Deb57 Level 7 Aug 4, 2018

Your mother has no right, no reason to insist or complain. It's like sending her to Disneyland and telling her everything there is real and it's how the world actually works.


I agree with you, it is brainwashing. I just hope it isn't too late to undo any damage to your daughter.

bingst Level 8 Aug 4, 2018

I have stopped letting her go. And i wonder the same thing. She has only gone 10 times round about. But she has said thing's like. "Yes Jesus is real dady" and i hate that she believed anything they taught her.


I have had a similar issue with my son. My wife is Christian so wanted to take our son to church. She took him to church and I tought him evolution as a species and the evolution of Christianity. He is now 11 and is now agnostic and leaning towards atheist. I use this tree a lot to show evolution of religion with a point of only one can be correct according to the majority of religions make sure you choose the right one.

Wahker Level 6 Aug 4, 2018

Do you have a link to a larger version of the diagram?

@RPardoe will try to find tonight after work

@RPardoe []?

@Wahker Many thanks!


Not knowing how old your daughter is and is of an age to make some of her own decisions, you are the parent and it’s your decision not grandparents. I never forbade my daughter from going to religious services with friends. Wanted her to be informed of others beliefs. We then had discussions about what she heard. She has made up her own mind.

kltuckmn Level 7 Aug 4, 2018

She is 6. And has said things like "yes god is too real daddy" when she heard me talking to a friend about the issue.


I would not allow a kid to be taken to church until they were 13 and asked to go themselves.

Especially for girls religion is very toxic.

Myah Level 6 Aug 4, 2018

Parenting is by definition nurturing and protecting. Your daughter has already been exposed to religious rituals. You didn't mention her age and the duration of those exposures. If she is past 'age of reason' and you have a close relationship with her, sensible discussions about such things can insulate her from indoctrination. In other words, they have their limited time with her and you have your greater time and closer relationship. Most religious notions and teachings can be neutralized by reasoning at home.

If the girl understands the way you see things and you can discuss it with her in free flowing exchanges of ideas, I can't see any harm in the 'fun' she has with grandma. She'll probably out-grow the church/religious aspect of it. Making it into a taboo if she enjoys it, depending on her age, might make it more attractive even if it is fantasy.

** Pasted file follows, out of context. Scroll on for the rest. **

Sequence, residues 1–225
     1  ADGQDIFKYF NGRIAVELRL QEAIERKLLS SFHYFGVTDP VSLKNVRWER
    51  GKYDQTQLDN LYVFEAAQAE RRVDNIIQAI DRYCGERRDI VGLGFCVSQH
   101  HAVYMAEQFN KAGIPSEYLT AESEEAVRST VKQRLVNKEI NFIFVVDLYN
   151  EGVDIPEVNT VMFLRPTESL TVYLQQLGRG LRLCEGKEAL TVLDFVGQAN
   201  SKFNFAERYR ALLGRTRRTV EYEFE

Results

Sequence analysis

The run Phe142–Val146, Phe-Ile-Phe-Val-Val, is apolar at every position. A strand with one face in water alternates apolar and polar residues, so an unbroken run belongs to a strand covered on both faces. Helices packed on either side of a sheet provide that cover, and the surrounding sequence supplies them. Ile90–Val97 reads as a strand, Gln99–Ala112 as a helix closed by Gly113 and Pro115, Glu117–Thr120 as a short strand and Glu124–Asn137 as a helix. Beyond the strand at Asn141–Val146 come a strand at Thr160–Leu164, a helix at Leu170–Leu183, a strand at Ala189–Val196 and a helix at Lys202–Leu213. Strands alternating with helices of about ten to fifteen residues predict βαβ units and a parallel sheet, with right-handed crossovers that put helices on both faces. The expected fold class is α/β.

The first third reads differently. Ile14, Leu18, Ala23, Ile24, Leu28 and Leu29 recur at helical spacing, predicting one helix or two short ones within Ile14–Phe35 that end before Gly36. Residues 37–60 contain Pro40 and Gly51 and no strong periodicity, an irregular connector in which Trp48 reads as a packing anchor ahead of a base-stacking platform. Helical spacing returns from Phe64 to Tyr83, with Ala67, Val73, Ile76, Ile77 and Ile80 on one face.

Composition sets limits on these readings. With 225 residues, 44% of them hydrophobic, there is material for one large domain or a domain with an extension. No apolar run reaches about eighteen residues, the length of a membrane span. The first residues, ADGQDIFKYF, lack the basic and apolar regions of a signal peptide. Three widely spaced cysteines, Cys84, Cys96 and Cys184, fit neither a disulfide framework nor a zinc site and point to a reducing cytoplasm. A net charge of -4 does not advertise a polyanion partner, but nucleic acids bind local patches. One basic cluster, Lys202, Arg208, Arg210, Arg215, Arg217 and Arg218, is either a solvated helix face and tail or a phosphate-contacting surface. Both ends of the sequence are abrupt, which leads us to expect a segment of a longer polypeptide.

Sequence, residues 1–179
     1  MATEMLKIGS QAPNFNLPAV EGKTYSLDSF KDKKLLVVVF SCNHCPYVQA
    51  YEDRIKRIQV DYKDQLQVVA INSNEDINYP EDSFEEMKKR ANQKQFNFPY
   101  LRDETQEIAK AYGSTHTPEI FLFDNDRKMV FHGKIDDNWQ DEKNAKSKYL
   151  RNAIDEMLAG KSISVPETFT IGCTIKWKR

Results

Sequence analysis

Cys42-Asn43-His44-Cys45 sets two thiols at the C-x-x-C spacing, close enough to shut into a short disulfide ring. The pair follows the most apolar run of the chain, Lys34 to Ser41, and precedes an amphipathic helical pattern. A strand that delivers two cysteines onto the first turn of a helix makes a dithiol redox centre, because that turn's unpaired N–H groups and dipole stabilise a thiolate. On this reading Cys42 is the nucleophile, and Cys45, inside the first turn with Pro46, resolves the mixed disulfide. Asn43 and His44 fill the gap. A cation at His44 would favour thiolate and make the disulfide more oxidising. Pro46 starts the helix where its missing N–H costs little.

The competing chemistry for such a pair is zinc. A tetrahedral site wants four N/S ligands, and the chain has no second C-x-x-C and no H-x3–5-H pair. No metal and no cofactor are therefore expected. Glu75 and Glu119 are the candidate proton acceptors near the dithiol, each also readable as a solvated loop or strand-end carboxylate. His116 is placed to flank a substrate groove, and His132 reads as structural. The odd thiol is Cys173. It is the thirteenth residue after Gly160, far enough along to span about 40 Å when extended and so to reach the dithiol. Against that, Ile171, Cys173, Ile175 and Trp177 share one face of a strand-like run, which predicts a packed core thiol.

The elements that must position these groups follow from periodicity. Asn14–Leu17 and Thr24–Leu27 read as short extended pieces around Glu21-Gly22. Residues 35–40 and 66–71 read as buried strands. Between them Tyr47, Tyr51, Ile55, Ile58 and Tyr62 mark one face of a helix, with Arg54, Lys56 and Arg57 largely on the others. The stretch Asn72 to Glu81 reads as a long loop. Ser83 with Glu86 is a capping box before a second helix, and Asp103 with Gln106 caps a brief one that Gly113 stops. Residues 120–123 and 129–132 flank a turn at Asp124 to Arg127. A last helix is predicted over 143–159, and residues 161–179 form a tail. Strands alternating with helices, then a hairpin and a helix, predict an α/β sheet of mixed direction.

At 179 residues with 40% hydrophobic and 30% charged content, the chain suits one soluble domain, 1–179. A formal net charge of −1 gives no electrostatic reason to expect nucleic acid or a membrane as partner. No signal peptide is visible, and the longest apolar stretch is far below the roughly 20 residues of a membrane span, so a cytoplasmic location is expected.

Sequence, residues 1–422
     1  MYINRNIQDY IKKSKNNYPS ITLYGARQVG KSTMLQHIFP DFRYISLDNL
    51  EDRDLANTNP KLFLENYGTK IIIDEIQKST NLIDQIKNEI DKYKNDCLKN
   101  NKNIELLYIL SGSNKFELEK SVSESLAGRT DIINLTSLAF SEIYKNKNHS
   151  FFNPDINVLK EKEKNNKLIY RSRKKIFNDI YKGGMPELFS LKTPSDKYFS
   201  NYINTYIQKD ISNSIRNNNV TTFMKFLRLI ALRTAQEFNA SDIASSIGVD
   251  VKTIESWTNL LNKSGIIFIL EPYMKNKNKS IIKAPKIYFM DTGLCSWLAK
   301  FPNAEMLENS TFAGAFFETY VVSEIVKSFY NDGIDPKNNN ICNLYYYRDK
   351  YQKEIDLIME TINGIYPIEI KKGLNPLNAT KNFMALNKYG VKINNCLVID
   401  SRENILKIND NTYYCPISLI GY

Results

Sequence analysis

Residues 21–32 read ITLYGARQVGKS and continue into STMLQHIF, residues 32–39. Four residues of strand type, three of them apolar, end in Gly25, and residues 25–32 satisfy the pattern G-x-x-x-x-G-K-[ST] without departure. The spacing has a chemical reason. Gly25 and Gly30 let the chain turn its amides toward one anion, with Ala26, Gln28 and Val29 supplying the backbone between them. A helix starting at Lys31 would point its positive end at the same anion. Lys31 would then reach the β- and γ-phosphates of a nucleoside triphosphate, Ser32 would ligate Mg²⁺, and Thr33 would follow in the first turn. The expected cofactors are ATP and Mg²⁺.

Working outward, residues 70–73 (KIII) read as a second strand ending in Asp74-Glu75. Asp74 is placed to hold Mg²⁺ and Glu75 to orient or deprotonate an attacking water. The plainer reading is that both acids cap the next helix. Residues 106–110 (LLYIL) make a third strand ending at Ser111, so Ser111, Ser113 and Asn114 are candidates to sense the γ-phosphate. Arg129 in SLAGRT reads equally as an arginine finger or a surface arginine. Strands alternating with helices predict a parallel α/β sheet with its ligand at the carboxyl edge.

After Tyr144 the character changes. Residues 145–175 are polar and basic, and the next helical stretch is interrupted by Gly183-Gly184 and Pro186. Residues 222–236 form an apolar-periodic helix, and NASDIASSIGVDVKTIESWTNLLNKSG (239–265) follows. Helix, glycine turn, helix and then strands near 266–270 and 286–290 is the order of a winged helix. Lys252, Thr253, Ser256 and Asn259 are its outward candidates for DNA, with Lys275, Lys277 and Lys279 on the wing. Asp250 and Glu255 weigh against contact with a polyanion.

Very sound perspective from many. Definitely don’t allow your daughter to believe that: “if you do this , or don’t do that “ god will punish you, one of the worst things that can be put into anyone’s thoughts. I would probably ween her out of that , but also teach to respect others and their way ,but walk your own path.


You are right is brainwashing and you should protect your kid from it, it's your reresponsability . Offer other things to your mother, they can go the park every Saturday evening or something like that. And you also should ask your mother not to teach your kid her believes .


Nope. It's your child. Your mother should find another way to bond and spend time with her grandchild.

Don't you let her guilt you into brainwashing your own child.

You're doing absolutely nothing wrong in preventing your kid from being saddled with the mental strain and suffering that comes with religion.

Suggest alternative activities for your mother and child, but be wary. The religious have very little if any respect for other people's beliefs, lack thereof, or opinions. She may sneak that shit in.


The mental health, care, and welfare of your daughter completely eclipses your mother's hurt feelings. And your position as the actual parent should be respected and final. And yes, religion is brainwashing and is exposing your child to the cruelty of learning that her own mind and intellect is not to be trusted and that what is not true, is to be believed as truth. Horrible.


She is your child. You, not your mother, decides how to raise her. If you don't feel comfortable having your daughter go to church with your mom, then recommend other activities they can do together. When you feel like your daughter is old enough, she can decide if she wants to go to church.

joeymf86 Level 7 Aug 4, 2018